Sha…Really Really Disappointed

Editor-in-Chief’s Note: The views expressed in this article are solely those of the author, and do not reflect the official position of The Athenaeum.

Those of you who regularly read The Athenaeum will likely remember my article “Sha…really?” published in January of this year. The basis of the article was an examination of why it is that those of the Islamic faith seem so intolerant and abusive towards certain equity groups. After Dr. Jeffrey Sachs’ lackluster response I asked the editor-in-chief at the time if he would allow me to publish a response and was told it would be akin to “beating a dead horse”. Well, I’m an editor now, and I think it’s worth a response.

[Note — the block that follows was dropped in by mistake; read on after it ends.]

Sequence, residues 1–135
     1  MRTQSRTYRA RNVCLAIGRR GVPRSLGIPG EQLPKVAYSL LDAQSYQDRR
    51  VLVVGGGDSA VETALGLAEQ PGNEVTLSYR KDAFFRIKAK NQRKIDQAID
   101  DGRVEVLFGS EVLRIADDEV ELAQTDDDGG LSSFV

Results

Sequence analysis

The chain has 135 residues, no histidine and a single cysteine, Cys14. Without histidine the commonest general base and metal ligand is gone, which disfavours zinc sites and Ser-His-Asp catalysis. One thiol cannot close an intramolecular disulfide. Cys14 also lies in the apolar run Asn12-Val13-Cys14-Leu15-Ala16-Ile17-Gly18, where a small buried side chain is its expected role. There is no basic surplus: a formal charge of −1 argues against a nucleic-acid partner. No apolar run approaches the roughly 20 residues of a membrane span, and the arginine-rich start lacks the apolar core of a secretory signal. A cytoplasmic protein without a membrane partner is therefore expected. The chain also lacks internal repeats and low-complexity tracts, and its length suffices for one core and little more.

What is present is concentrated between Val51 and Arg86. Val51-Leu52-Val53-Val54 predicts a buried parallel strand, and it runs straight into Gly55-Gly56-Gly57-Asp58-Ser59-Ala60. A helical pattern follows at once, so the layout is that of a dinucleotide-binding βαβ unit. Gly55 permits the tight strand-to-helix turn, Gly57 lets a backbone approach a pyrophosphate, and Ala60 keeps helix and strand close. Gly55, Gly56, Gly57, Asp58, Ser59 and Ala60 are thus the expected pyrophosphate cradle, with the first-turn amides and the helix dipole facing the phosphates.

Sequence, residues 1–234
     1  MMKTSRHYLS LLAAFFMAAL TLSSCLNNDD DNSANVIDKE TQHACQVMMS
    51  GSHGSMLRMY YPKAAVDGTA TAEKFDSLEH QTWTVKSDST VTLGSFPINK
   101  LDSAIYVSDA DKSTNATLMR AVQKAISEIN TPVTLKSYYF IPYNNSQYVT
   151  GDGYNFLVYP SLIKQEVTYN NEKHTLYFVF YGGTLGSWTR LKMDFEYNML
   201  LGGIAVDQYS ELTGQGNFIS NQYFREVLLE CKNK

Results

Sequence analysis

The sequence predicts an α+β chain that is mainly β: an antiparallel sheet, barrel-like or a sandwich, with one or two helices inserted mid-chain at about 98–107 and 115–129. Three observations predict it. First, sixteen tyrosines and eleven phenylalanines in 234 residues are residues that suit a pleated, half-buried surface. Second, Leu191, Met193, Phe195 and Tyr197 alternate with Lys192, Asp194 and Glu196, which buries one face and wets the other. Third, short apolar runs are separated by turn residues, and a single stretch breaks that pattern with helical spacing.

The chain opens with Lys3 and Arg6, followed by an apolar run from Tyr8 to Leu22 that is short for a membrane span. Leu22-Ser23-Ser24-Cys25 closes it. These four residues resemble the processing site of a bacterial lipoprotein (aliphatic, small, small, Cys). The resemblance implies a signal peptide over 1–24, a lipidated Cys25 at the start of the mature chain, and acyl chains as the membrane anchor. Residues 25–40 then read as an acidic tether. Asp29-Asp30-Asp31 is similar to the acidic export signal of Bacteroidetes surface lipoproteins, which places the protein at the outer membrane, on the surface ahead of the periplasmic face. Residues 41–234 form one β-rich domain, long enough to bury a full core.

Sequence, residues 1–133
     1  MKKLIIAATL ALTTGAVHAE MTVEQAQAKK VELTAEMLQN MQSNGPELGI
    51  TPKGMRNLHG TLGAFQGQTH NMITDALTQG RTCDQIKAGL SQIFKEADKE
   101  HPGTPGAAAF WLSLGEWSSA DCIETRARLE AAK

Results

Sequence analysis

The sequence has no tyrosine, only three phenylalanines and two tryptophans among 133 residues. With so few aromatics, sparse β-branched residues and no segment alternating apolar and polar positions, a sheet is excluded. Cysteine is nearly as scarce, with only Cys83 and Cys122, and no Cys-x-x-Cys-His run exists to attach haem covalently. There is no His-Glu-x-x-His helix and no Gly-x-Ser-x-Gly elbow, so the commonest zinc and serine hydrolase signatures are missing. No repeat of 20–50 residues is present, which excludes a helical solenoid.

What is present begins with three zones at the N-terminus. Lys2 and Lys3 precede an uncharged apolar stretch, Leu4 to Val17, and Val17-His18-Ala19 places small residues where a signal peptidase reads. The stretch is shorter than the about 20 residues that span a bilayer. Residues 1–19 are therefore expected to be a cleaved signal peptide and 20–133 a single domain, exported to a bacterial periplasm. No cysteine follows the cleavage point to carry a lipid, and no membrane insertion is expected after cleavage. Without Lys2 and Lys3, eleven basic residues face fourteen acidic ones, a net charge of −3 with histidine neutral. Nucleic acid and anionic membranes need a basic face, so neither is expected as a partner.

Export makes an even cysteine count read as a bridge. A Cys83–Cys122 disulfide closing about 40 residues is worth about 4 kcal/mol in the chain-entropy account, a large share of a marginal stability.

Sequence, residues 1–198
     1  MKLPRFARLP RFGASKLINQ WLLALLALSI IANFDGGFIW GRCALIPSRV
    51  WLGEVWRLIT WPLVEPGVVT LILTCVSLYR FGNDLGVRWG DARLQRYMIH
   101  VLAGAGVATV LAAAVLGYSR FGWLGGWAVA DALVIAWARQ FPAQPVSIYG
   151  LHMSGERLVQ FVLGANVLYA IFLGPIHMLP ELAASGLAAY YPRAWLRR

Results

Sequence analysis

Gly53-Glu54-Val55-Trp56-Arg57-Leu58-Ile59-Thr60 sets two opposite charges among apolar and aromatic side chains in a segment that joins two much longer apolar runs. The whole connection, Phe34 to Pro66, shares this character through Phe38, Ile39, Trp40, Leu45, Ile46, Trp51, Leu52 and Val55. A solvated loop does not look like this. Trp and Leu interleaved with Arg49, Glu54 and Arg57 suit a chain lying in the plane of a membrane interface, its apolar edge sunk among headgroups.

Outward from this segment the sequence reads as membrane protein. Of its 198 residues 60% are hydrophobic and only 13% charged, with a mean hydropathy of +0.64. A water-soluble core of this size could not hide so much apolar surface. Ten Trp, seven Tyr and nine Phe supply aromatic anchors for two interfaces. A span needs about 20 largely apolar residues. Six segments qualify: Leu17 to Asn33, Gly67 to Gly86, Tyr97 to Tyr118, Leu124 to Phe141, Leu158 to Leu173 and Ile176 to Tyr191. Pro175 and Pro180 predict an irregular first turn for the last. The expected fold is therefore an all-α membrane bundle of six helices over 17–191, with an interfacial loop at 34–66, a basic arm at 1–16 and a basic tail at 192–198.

There were a number of reactions to my article on Shari’a law. Since the time of publishing I’ve experienced a great deal of snide remarks and insinuations that I’m either a member of the alt-right or that I’m “publishing poisonous garbage”. Other students felt differently, I was approached by a number of colleagues who seemed quite excited that I was speaking out about the intolerance and hate that often precipitates in countries that are Muslim majority regions and/or follow Shari’a. It recently came to my attention that some members of the student community are still rather salty about it, and since it has so many knickers in a knot I thought it was about time I write on the topic again. So, in this article I’ll be responding to Dr. Sachs, and furthering my examination of what I believe to be a great example of oppression.